When a Lack of Security Leads to Premises Liability
When you go onto someone’s property as a guest, you expect that you will be safe. You don’t think about getting mugged or assaulted. However, this can happen even in the safest of neighborhoods. Without proper security, you could become a victim of crime and suffer serious injuries.
When you think of premises liability, slips and falls may be the first thing that come to mind. However, a lack of security can also lead to a premises liability case. Under the law, property owners have a duty to provide adequate security to invitees. When a lack of security leads to a crime that causes harm to a guest, the injured guest can sue the land owner and recover compensation for damages.
Examples of Negligent Security
Negligent security may include the following situations:
- A woman is sexually assaulted in a dark parking garage late at night.
- A man is beaten by a burglar in a hotel when poor locks on the doors and no security in the lobby allows easy entry by an uninvited guest.
- A woman suffers domestic violence when her ex-husband is allowed to easily enter her apartment due to a sleeping doorman.
- A woman is raped at work by her office’s security guard because her company failed to do a background check on the man, who happens to be a sex offender.
What the Law Says
According to Florida law, a landowner has a duty to protect invitees from reasonably foreseeable criminal acts. Therefore, when a person seeks to recover compensation for injuries caused by an alleged premises liability case, the judge will determine whether a person is considered an invitee.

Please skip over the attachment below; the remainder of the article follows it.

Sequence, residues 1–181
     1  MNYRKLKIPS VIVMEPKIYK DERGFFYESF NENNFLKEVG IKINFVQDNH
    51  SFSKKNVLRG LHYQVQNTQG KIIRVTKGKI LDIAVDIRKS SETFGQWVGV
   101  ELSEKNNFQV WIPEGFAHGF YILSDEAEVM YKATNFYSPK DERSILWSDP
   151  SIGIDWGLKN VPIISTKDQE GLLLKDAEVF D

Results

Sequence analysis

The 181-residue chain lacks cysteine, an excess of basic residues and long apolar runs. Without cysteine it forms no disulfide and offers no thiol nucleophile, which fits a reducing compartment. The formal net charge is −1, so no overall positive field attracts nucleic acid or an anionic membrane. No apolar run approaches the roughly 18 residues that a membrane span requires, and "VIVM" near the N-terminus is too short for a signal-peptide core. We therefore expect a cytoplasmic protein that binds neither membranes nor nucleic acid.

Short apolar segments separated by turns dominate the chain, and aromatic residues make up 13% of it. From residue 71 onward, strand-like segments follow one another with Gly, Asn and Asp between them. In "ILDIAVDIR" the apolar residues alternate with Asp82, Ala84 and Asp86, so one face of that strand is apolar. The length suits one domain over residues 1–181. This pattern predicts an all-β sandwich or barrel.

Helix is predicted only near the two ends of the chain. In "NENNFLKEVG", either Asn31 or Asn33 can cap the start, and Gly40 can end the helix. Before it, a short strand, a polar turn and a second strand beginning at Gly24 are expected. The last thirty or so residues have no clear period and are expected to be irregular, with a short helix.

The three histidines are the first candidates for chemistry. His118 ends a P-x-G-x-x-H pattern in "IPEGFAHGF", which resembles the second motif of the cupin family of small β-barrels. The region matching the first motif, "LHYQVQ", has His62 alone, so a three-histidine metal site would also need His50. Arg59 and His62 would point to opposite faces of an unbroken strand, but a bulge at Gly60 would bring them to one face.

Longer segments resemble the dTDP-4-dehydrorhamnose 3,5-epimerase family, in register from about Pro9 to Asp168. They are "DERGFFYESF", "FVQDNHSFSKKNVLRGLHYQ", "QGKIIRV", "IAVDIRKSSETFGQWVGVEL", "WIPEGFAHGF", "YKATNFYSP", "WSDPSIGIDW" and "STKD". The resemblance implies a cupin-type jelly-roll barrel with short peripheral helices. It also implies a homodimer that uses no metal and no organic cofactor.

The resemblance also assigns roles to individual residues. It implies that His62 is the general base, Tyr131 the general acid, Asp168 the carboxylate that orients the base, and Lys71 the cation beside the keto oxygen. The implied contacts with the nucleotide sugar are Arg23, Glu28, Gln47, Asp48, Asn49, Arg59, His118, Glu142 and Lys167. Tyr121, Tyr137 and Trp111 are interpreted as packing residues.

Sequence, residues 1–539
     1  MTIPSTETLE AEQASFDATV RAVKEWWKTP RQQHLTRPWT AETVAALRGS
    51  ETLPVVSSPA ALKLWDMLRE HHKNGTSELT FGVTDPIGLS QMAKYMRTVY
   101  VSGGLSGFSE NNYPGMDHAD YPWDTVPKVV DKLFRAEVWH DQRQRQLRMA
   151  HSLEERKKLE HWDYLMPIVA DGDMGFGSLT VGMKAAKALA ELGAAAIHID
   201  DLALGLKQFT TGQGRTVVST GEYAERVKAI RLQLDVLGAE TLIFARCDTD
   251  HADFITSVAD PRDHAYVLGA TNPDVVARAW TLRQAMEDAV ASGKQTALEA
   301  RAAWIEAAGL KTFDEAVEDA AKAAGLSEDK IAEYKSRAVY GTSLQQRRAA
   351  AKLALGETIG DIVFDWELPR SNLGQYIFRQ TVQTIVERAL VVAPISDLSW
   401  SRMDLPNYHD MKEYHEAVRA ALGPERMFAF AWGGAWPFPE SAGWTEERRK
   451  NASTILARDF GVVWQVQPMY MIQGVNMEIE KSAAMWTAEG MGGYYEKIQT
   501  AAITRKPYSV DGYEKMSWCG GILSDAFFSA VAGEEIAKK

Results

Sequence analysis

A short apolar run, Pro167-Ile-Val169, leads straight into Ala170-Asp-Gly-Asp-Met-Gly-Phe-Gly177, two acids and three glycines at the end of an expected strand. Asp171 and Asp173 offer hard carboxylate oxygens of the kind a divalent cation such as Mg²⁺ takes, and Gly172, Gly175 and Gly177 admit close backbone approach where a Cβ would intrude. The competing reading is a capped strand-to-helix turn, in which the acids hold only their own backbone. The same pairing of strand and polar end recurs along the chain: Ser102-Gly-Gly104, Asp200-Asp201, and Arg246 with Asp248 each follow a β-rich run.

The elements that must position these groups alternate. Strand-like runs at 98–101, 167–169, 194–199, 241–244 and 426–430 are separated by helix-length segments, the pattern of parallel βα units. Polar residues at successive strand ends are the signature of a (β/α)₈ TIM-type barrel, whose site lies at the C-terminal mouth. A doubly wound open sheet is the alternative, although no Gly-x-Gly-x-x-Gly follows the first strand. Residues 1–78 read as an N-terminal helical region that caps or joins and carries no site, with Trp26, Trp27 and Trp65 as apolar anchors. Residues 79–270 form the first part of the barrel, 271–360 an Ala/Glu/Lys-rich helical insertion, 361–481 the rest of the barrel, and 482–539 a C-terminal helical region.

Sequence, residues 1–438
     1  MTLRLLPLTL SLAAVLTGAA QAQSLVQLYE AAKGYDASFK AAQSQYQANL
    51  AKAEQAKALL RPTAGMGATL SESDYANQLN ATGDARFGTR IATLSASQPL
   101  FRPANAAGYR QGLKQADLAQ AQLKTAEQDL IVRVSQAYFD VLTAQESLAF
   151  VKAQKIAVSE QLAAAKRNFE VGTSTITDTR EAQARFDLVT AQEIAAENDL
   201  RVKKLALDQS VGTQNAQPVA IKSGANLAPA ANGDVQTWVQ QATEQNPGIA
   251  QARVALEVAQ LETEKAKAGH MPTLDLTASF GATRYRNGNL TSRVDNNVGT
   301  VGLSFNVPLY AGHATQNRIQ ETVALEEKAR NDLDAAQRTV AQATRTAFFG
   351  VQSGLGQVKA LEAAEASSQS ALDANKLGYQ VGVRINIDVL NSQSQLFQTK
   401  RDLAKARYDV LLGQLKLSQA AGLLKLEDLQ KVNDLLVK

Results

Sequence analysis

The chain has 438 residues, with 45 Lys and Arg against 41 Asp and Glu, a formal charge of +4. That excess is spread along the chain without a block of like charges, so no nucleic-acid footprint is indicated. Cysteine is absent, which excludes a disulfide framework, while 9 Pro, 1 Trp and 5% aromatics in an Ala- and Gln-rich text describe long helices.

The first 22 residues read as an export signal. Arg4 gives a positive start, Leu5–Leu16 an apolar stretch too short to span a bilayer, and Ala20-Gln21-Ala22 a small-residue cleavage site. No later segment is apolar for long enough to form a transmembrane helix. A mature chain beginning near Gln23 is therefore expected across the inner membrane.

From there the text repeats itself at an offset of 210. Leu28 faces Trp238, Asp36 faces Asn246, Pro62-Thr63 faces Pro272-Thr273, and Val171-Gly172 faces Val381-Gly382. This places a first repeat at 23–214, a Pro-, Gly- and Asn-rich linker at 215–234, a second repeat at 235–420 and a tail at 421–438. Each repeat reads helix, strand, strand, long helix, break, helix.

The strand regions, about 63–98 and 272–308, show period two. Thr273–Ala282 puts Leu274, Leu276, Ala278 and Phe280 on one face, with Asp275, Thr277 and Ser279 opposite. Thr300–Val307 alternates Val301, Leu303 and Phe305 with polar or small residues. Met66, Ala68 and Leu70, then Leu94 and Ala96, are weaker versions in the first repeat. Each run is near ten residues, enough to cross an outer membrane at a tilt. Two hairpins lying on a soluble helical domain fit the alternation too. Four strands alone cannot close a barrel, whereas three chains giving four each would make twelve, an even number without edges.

Florida recognizes three main types of invitees. A public invitee is someone, as a member of the public, is invited to enter one’s property for the purpose of which the land is open to the public. For example, a person who is a gas station to pump gas into their vehicle would be considered a public invitee.
A business invitee is someone who is invited to enter property for the purpose of doing business with the landowner. A person who is at the gas station to refill snacks at the convenience store as their job would be considered a business invitee.
There are also uninvited licensees, who are those who enter the premises solely for their own convenience or pleasure without invitation. For example, a person who comes to the gas station solely to meet up with friends and hang out would be considered an uninvited licensee. While they are allowed to enter the gas station, the property owner has no duty to keep the premises in a safe condition for them.
Get Legal Help for Your Florida Personal Injury Case
If you were injured while on someone else’s property due to a lack of security, you may have a valid case. Assault, rape, theft and other crimes can occur when you are an invitee on someone else’s property.
Before you agree to a settlement, contact the Tampa premises liability attorneys at The Pawlowski//Mastrilli Law Group. We can evaluate your case and ensure you receive the compensation you deserve. To schedule a consultation, call 813-242-4404 or fill out the online form.